Senate Majority Leader Mitch McConnell, R-Ky., said the chamber would vote on a procedural motion on the health care measure on Tuesday. (Tom Williams/CQ Roll Call File Photo)

Senate Majority Leader Mitch McConnell confirmed on Monday that the chamber would hold a procedural vote on Tuesday on a House-passed measure to overhaul the U.S. health insurance system.

“Seven years ago, Democrats forced Obamacare on the American people. It was supposed to lower health costs, but, of course, they skyrocketed. It was supposed to provide more health options, but they plummeted,” the Kentucky Republican said during his opening remarks. “I will vote yes on the motion to proceed. And I would urge all of our colleagues to do the same.”

Democrats Cast Wide Net in Shaping ‘Better Deal’ Platform
DCCC spent seven months working on agenda and talking to stakeholders

New Mexico Rep. Ben Ray Luján chairs the DCCC, whose staff have worked to find consensus on an economic message for the Democratic Party. (Bill Clark/CQ Roll Call file photo)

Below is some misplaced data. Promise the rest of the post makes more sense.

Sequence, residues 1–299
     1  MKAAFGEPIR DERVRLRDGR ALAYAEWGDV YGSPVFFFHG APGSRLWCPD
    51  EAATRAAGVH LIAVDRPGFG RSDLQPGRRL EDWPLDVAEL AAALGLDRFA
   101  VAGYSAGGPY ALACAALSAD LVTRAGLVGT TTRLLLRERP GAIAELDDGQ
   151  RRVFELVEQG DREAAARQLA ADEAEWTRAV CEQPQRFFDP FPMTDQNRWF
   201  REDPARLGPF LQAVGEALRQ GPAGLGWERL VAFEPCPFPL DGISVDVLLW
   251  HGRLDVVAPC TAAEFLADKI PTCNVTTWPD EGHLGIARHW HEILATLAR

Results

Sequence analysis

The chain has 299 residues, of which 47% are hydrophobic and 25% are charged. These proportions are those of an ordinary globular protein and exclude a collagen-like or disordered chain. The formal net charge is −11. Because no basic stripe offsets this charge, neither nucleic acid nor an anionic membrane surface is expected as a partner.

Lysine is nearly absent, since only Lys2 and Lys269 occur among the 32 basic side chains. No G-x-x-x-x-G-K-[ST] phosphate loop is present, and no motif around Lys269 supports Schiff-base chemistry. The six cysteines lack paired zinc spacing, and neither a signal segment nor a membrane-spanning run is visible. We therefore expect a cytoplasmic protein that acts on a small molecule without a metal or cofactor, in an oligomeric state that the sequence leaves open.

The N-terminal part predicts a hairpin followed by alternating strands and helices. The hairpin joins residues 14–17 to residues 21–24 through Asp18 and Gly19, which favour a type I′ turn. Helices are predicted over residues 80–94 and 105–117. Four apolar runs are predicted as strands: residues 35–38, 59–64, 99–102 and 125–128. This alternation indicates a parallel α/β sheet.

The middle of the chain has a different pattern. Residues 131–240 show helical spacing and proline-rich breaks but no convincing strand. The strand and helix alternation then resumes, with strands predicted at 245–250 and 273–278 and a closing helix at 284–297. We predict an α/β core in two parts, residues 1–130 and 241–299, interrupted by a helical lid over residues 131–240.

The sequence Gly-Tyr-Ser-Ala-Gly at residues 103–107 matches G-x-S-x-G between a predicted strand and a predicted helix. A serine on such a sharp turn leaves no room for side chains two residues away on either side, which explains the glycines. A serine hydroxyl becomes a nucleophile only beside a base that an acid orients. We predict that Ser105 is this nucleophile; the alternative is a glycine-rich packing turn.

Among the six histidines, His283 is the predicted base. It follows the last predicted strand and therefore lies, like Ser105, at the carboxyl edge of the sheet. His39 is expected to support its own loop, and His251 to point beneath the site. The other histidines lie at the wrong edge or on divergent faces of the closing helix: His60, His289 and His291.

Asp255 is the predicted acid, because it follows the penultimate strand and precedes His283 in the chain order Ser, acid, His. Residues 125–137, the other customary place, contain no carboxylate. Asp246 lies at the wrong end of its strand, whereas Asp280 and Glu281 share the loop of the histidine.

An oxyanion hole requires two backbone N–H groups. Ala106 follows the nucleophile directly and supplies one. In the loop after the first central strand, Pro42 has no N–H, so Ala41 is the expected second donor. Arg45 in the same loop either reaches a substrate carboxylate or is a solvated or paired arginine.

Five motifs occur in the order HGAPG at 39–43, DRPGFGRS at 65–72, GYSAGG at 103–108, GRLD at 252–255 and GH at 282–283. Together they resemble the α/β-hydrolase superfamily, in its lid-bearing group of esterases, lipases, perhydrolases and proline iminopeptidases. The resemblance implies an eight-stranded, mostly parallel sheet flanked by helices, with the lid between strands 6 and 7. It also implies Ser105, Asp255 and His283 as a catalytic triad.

Democrats are set to unveil their “Better Deal” agenda Monday afternoon. Over the past seven months, the House Democrats’ campaign arm has sought to foster unity around an economically focused agenda through meetings with stakeholders and conversations with voters.

The goal for the Democratic Congressional Campaign Committee was to create a unifying message on the economy and jobs that could also be tailored to an individual congressional district. The party is looking to flip at least 24 seats next year to win back the House.